It recently occurred to me that I've used this blog to talk about many of the most important people in my life. But, due to simple ignorance, I have yet to write about the most beautiful woman in my world. My mother.
The 'original' Susan Halliday.
Her birthday is less than two days away. I won't reveal her age for fear of being ostracized from our upcoming holiday celebrations. Age is but a number, and my Mom remains the passionate spitfire she has always been.
And, I want to apologize to her. I've done it countless times before and will certainly do so again.
Mom, I'm sorry I didn't treat you with the respect you deserved when I was a child. I'm sorry that I didn't listen to you. I'm sorry I talked back and attempted to humiliate you. I'm sorry for making life hell for you on the sad occasions where I chose to be arrogant and self-righteous. I'm sorry if, for even a single moment, you ever felt that I didn't regard you as a crucial and wonderful part of my life. If you ever felt that way, and I am certain you did, I pray you will forgive me. You will always be the most important woman in my world.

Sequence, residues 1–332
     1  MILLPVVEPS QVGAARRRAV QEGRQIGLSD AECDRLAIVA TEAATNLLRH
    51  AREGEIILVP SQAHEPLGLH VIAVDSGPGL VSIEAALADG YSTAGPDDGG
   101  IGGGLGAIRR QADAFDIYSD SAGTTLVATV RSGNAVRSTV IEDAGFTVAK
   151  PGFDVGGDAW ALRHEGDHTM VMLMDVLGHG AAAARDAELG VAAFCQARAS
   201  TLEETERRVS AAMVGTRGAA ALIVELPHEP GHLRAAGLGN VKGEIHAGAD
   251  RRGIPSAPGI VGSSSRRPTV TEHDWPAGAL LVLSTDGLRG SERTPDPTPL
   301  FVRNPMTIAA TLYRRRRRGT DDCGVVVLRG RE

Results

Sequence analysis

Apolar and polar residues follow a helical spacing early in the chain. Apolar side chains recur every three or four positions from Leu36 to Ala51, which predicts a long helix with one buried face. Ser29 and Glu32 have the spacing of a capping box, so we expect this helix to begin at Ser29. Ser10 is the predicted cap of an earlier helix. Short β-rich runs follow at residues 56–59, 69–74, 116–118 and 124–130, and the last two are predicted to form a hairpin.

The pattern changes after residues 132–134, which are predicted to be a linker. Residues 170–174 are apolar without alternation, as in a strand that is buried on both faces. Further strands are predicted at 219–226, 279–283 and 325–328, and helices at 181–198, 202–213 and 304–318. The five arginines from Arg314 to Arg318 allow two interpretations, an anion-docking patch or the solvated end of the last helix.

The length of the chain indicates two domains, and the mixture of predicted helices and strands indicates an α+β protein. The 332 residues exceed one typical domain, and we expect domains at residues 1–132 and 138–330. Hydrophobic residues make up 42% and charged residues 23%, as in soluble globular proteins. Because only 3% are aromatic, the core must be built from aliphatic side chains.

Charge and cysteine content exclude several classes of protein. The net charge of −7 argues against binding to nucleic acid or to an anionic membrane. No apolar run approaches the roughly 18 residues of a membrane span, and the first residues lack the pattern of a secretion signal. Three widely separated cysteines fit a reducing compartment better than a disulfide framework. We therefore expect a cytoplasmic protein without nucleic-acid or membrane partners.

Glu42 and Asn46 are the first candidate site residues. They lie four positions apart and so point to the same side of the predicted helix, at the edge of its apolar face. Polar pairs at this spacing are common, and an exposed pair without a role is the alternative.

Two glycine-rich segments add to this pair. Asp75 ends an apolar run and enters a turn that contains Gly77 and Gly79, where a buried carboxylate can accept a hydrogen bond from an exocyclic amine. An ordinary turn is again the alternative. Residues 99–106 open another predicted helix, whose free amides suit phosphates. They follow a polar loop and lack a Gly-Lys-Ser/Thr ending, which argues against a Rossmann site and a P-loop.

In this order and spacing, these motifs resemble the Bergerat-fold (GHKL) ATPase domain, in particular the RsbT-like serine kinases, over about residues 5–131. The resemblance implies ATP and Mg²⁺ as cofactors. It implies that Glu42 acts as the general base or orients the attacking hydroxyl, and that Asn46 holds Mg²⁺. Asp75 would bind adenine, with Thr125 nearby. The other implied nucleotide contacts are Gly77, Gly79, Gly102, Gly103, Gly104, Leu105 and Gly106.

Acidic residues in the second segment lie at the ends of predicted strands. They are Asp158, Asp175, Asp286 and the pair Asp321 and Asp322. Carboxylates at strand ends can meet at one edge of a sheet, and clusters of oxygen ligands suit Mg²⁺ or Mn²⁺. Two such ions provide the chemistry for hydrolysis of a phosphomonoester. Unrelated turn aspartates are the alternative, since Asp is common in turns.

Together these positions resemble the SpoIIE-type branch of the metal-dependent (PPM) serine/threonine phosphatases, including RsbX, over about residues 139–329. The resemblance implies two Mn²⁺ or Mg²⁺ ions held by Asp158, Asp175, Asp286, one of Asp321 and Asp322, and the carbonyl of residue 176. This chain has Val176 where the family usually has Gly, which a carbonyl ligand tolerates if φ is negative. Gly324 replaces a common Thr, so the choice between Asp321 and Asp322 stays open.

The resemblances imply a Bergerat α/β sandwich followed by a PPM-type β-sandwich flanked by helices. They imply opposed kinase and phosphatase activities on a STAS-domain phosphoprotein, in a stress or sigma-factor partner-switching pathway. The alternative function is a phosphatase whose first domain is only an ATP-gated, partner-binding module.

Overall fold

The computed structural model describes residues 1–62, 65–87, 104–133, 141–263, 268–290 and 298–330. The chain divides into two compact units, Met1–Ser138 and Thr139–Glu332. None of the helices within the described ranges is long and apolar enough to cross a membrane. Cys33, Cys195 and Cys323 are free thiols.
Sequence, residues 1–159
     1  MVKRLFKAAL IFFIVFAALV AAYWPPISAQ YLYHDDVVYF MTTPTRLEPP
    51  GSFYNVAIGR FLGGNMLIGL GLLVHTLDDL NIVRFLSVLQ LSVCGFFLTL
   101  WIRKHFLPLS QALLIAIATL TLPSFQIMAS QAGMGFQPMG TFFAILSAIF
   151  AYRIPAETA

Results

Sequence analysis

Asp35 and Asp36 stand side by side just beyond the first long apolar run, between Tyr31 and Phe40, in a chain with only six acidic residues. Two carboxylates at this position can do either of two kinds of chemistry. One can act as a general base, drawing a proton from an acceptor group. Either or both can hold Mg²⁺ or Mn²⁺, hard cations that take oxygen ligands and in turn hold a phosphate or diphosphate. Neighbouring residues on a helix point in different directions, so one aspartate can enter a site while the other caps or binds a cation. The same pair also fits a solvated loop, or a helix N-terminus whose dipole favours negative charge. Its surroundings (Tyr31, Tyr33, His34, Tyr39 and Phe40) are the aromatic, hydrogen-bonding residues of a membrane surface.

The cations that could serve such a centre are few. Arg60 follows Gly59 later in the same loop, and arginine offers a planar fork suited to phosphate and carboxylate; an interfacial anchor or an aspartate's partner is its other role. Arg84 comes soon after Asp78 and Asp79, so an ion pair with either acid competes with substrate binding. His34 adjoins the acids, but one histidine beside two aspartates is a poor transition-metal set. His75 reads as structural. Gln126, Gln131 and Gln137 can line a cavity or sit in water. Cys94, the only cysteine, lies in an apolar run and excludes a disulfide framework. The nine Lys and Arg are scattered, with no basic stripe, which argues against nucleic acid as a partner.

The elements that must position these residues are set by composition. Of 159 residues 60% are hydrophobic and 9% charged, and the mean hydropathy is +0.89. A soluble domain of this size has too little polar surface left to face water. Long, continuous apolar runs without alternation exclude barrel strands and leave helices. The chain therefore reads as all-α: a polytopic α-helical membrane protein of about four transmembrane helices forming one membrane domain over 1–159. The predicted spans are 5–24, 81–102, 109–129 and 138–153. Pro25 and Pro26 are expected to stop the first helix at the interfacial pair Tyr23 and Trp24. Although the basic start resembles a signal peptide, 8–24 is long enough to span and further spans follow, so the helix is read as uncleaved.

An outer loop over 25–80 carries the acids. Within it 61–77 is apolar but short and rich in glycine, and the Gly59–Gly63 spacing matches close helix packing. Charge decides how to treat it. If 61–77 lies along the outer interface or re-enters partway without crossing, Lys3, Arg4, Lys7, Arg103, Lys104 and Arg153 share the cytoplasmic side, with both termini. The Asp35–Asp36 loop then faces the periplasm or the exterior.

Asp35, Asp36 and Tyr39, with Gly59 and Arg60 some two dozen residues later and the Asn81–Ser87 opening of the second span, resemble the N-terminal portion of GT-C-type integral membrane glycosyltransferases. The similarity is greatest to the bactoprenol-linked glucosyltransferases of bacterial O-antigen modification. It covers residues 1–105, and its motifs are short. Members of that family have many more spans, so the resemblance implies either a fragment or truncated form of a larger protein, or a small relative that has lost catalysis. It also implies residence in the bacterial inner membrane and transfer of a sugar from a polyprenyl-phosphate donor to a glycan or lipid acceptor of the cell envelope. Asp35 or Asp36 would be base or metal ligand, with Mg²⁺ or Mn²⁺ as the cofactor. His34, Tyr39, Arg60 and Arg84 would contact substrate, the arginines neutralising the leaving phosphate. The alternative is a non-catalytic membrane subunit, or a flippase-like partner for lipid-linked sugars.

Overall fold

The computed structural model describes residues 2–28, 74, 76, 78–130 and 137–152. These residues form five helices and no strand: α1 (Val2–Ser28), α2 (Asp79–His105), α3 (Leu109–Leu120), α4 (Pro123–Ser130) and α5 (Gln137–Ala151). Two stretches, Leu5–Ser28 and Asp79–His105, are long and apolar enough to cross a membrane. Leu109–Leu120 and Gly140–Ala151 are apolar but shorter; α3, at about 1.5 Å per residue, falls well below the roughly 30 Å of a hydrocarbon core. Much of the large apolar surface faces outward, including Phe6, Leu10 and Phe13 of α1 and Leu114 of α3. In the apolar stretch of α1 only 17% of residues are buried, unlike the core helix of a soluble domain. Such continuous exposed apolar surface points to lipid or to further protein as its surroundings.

In case you hadn't figured it out, I wasn't particularly kind to Mom.
As a kid, I idolized my Dad. He was the embodiment of what a man should be. Father, friend, teacher, enforcer. I wrote about him just before his birthday this April. My Dad continues to have the greatest influence on my life.
Early on, my Mom saw that connection my father and I had. She knew how important it was...how a strong relationship between a father and his son can shape both men forever and effect generations. Mom recognized that power and never did anything to get in the way. Even when I turned my boyish angst against her. Yelling back. Refusing to obey or even make eye contact. Laughing at her orders. Purposely upsetting her as I tested my limits and her patience.
I made my Mom cry. A lot. She would get so upset she couldn't contain her emotions. It wasn't because she was overly protective or because she had a thin skin; it was because I was terrible to her. Terrible in every way. And when Dad came home, my sister and I would morph into more tolerable children. After all, Dad was the man of the house.
Mom often said, "You wait until Dad gets home." And we would. The moment he stepped through the door we showered him with 'Hellos' and love. Superman was home. Meanwhile, my sister and I had likely just spent the last three hours frustrating our mother...for no reason. Dad got the love; Mom got the laughs.